For as long as I can remember I have been strongly affected by music, especially the music made by human voices. Hearing certain people sing touches my soul like almost nothing else can do. I am moved, often to tears, sometimes to the point of sobbing – which can be, socially, quite uncomfortable. I have puzzled over this strong response at times, somewhat conscious of being seen by others as an “over-emotional” or “suggestible” person. With time however I have (nearly) stopped being embarrassed by it, and instead I’ve come to appreciate how now and then I get to have these microscopic emotional journeys, right were I sit. And now I have learned something of why, and how, this happens.

As McGilchrist explains in the book, when it comes to processing music, the right hemisphere of the brain deals with harmony, melody, tone, intonation, timbre and pitch-processing. It also has a special relationship to “sad” feelings as well as feelings of connectedness.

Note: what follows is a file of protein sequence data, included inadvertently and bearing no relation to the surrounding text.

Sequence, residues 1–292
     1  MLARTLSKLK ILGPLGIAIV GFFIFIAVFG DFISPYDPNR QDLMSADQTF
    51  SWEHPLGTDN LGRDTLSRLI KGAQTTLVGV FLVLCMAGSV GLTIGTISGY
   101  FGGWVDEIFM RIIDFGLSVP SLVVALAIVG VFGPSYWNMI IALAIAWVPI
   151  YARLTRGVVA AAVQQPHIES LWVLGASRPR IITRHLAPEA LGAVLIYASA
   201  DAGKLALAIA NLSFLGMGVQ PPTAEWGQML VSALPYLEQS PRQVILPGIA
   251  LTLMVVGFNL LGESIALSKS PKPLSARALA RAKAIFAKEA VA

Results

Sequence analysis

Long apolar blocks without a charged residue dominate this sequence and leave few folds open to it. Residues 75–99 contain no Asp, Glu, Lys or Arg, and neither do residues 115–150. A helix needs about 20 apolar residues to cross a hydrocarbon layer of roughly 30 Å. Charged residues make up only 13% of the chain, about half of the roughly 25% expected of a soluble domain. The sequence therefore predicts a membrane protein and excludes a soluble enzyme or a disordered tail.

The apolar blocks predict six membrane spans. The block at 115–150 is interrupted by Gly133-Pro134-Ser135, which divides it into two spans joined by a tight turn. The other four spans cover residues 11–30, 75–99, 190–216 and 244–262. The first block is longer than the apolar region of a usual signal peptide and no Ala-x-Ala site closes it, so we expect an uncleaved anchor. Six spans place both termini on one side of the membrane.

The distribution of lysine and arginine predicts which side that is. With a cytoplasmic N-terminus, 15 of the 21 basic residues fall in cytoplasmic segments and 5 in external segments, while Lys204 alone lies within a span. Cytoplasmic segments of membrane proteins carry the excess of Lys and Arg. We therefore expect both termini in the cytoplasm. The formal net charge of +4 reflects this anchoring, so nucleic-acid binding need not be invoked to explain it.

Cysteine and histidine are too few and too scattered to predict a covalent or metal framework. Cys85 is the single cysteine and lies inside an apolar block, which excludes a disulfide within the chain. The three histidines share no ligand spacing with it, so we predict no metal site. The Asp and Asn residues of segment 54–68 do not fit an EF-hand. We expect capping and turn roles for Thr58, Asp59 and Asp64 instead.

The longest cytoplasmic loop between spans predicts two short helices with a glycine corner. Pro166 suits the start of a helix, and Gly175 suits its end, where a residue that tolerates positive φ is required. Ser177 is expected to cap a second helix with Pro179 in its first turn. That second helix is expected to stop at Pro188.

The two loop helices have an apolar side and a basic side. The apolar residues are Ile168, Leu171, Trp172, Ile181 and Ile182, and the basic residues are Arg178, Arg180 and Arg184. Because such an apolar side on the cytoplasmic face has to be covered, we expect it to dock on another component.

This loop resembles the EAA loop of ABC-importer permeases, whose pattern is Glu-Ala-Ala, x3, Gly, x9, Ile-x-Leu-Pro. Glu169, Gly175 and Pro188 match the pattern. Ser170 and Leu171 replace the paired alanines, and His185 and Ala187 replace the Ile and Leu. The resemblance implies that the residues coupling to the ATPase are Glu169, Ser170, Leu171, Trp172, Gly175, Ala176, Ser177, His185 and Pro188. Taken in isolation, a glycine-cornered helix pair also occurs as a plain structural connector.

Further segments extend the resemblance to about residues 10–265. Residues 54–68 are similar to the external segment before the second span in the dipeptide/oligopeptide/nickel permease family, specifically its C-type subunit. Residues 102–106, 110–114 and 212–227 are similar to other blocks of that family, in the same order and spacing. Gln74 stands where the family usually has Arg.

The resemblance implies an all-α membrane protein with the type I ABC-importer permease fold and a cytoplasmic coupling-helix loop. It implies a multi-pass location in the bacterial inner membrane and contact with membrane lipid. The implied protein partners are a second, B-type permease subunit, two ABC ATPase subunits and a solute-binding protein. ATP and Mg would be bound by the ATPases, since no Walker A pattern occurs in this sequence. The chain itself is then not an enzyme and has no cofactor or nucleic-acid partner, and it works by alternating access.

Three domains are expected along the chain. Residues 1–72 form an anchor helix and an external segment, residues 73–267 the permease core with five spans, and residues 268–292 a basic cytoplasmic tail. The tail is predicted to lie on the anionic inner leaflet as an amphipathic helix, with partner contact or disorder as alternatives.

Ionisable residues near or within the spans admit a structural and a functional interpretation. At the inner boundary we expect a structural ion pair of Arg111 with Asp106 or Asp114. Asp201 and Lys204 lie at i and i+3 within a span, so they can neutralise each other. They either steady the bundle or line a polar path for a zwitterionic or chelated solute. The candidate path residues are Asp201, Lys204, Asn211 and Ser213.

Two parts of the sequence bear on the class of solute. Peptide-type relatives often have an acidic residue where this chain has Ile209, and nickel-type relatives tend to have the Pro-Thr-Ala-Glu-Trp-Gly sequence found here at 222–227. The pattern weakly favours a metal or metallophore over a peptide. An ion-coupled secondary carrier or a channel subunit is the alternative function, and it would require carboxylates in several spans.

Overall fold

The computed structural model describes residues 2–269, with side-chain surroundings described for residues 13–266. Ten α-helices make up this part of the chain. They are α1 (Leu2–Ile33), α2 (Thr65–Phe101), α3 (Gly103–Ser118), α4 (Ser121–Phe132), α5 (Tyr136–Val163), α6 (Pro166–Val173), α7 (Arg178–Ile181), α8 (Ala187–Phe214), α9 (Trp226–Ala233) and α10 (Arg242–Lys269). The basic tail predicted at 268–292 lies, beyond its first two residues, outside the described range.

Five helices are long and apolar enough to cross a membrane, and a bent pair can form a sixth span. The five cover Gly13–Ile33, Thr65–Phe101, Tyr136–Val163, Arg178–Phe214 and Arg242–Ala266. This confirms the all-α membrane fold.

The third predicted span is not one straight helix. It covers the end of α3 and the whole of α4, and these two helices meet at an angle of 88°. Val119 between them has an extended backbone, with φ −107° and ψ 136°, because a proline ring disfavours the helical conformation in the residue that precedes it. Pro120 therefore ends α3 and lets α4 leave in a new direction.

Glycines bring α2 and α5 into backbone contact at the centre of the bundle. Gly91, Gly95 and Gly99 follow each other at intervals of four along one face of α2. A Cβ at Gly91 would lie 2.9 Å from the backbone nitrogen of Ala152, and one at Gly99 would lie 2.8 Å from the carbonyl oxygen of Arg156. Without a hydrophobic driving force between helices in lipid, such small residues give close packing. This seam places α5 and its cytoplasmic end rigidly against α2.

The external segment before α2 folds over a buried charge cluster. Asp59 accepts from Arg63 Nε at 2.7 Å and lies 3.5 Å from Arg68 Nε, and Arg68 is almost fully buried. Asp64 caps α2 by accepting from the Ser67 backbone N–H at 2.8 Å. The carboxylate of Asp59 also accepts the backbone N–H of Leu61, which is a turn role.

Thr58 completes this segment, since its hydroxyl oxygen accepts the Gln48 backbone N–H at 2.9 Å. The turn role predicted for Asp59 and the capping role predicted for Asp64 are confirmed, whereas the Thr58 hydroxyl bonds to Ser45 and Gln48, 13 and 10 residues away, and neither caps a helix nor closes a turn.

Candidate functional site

Of course, the left hemisphere, too, plays a role in music appreciation and processing (especially, it turns out, for professional musicians who, plausibly, have a more analytical and automated relationship to music they “know”). Certain aspects of rhythm, for example, are often processed in the left hemisphere and due to its affinity for language music with lyrics will involve the left hemisphere. Nevertheless, the way music can evoke emotions in us is a testament to the involvement of the right hemisphere.

Timbre, harmony and rhythm, along with a melancholy theme, seem to be my  required ingredients for this musical “flying ointment”. At the end of this post, I will link to a few of my favourite musical intoxicants, songs that pull all the right strings of the right hemisphere for me.

McGilcrist writes: